In a moving testament to the Egyptians that give the book its energy, Hessler gives the last scene of his book to Wahiba, the wife of Sayyid the garbage collector. Her simple, hopeful coin toss is a resonant metaphor for a country brimming with potential, sometimes overburdened by its own history, and always teeming with contradictions.

Cairo: The City Victorious

But sometimes – in April especially – the wind changes ominously. Brewing up from east or west, it sweeps the desert blustering into the city. Stifling hot and teased with whirlwinds, the sandstorms counterpoint the river, serving to remind Cairo that even as the water of life flowers through its centre, death lurks at the edges of the valley. Cairenes need reminding. The city’s ceaseless urban racket casts an amnesiac spell. It is easy to forget how close the utter empty silence of the desert lies.

Eager to learn more about Cairo’s history and to keep my Mamlouks straight from my Fatimids, I’ve been reading Max Rodenbeck’s Cairo: The City Victorious, which was published by the American University in Cairo Press back in 1998.

It’s an interesting book, and I’m glad I picked it up, although I found it a bit dense and couldn’t read much more than 10-20 pages at a time. There’s a lot of stories and information here, with some chapters following a more thematic approach, and others running through the chronology of Cairo, from its origins in the pre-historic city of Om (today located in the upscale suburb of Heliopolis) to the metropolis of 20+ million people it has now become. Rodenbeck is also lyrical at times, crafting the right phrase or finding the right metaphor to capture a smell, a sound, or a sight.

While I learned a lot reading Cairo: The City Victorious—it’s obvious that Rodenbeck adores the city and knows it very well—I think the book suffered a bit from a problem of personality. At times it read like a straight up “biography” of Cairo, encompassing large swathes of Egyptian history condensed into a few pages, while at others Rodenbeck couldn’t help but describe a few of his personal experiences in the city: meeting a workshop owner from a baladi neighbourhood, having dinner with a gossipy gin-sucking upper-class lady, encountering a Sufi mystic in a tent during a night festival. Yet Rodenbeck deals with scenes like these ones hastily. He offers the minimum of context before zooming back out into a broader social history of the city.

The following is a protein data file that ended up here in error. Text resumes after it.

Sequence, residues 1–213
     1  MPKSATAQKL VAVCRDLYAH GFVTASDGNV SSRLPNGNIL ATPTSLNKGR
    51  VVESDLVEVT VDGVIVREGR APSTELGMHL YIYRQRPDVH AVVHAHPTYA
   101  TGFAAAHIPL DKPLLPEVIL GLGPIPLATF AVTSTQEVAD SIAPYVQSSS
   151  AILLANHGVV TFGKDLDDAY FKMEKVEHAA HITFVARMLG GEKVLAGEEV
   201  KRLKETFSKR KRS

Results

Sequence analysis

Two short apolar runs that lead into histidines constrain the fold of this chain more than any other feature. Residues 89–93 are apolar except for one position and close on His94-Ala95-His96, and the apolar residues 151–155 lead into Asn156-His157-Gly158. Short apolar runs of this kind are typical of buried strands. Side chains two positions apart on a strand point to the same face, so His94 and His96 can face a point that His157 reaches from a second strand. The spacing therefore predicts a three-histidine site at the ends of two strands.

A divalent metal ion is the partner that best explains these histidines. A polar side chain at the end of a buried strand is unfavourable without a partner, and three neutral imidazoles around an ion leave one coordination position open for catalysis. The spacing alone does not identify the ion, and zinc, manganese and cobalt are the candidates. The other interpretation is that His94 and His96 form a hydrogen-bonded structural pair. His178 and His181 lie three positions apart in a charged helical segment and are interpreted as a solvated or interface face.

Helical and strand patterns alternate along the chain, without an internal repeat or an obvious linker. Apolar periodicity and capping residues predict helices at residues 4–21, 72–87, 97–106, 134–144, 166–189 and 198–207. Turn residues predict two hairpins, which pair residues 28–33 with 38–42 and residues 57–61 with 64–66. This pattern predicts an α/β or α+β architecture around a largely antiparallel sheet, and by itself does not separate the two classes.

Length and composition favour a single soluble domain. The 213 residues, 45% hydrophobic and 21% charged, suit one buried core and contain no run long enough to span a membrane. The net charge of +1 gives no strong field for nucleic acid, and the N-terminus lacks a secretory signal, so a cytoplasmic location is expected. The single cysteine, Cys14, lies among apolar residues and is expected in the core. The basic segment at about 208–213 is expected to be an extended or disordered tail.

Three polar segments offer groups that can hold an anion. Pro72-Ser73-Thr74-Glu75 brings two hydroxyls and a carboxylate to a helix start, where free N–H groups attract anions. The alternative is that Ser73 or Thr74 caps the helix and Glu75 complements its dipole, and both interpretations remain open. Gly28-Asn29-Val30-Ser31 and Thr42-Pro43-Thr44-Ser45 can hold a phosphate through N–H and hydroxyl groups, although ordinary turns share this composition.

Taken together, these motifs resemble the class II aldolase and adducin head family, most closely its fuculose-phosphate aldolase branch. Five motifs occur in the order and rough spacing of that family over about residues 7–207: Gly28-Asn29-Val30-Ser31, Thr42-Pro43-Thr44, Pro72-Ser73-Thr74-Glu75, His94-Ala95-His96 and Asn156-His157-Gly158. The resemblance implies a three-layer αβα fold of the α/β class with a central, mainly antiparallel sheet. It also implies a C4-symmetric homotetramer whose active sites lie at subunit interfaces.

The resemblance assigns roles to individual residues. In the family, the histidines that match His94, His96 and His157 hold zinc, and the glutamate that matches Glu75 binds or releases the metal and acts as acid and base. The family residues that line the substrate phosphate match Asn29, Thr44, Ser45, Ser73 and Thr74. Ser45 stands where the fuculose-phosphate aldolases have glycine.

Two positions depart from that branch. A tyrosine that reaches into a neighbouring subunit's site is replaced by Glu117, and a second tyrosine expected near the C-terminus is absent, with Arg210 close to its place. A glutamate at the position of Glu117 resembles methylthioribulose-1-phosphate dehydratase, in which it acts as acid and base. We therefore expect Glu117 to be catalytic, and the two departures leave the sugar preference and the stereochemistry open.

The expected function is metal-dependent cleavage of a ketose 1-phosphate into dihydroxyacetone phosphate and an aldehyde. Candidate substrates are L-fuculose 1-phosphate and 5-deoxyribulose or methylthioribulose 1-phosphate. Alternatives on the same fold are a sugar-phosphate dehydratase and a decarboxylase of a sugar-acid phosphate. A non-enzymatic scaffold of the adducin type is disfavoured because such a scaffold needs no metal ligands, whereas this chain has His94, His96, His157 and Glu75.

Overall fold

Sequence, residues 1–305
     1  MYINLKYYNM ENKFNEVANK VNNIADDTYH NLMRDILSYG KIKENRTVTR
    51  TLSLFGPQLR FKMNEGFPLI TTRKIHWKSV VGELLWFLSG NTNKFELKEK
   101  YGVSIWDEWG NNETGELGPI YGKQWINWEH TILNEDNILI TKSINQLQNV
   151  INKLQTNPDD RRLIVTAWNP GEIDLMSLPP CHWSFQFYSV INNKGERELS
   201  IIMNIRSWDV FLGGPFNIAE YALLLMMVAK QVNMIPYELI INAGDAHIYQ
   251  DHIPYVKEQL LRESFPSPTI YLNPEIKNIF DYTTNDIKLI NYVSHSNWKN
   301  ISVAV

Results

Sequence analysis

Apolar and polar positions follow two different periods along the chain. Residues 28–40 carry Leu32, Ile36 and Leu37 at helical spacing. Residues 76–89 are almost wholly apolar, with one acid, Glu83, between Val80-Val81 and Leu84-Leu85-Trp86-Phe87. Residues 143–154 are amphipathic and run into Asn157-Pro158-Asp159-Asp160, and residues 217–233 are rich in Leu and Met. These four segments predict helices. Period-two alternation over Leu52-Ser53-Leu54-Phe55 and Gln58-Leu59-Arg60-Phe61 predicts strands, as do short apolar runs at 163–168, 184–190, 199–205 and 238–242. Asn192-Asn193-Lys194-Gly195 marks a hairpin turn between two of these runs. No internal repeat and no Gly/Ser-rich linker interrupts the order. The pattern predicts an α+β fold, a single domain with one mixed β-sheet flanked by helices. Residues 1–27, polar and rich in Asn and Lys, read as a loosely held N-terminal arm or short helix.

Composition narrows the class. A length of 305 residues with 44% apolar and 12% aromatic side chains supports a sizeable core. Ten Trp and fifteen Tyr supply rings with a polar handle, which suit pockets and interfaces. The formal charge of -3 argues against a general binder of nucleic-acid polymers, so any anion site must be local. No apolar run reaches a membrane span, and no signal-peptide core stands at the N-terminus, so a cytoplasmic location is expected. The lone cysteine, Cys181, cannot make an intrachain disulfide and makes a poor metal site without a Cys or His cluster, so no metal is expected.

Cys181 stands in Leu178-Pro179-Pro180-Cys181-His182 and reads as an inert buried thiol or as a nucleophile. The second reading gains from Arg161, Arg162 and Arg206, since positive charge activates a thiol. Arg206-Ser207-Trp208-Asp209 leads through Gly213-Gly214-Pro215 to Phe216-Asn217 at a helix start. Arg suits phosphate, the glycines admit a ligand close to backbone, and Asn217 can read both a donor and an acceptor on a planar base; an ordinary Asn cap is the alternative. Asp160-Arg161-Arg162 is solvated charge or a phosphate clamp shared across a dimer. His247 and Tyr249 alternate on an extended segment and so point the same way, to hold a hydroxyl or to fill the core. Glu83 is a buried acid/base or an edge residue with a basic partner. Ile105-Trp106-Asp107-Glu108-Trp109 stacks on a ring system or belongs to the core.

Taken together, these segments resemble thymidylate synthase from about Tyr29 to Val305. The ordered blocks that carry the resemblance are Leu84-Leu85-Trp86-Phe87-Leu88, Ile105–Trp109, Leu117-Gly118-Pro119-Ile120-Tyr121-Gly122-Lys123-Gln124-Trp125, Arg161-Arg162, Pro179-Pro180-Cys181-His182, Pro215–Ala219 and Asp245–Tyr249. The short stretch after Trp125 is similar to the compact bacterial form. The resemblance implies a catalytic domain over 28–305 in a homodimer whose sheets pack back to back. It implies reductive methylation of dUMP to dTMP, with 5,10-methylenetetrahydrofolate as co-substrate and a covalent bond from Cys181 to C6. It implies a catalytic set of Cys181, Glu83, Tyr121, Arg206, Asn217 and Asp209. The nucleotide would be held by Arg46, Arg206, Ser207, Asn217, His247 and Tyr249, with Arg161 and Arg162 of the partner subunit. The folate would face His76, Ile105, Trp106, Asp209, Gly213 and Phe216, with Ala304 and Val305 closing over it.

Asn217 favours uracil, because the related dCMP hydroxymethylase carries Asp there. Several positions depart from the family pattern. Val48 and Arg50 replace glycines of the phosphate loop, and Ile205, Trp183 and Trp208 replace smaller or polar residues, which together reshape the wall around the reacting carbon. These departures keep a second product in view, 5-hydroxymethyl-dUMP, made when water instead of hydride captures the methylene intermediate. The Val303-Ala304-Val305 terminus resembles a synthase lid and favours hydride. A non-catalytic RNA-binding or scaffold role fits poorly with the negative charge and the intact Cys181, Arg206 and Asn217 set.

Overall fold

Max Rodenbeck is a correspondent for The Economist, and perhaps that’s why he appears to be so uncomfortable in the first-person mode. Yet the parts of the book where Rodenbeck swoops in on tangible moments gave me the strongest impressions. I would’ve loved for the author to make this book more personal, to offer more details about his own life and experiences in Cairo, while offering some of the historical material as background. Instead he seemed too intent on erasing himself from the story, unless when absolutely necessary.

This book was a bit of a missed opportunity for me, but it was still a very interesting read. And, yes, I can now tell apart the Fatimids apart from the Mamlouks.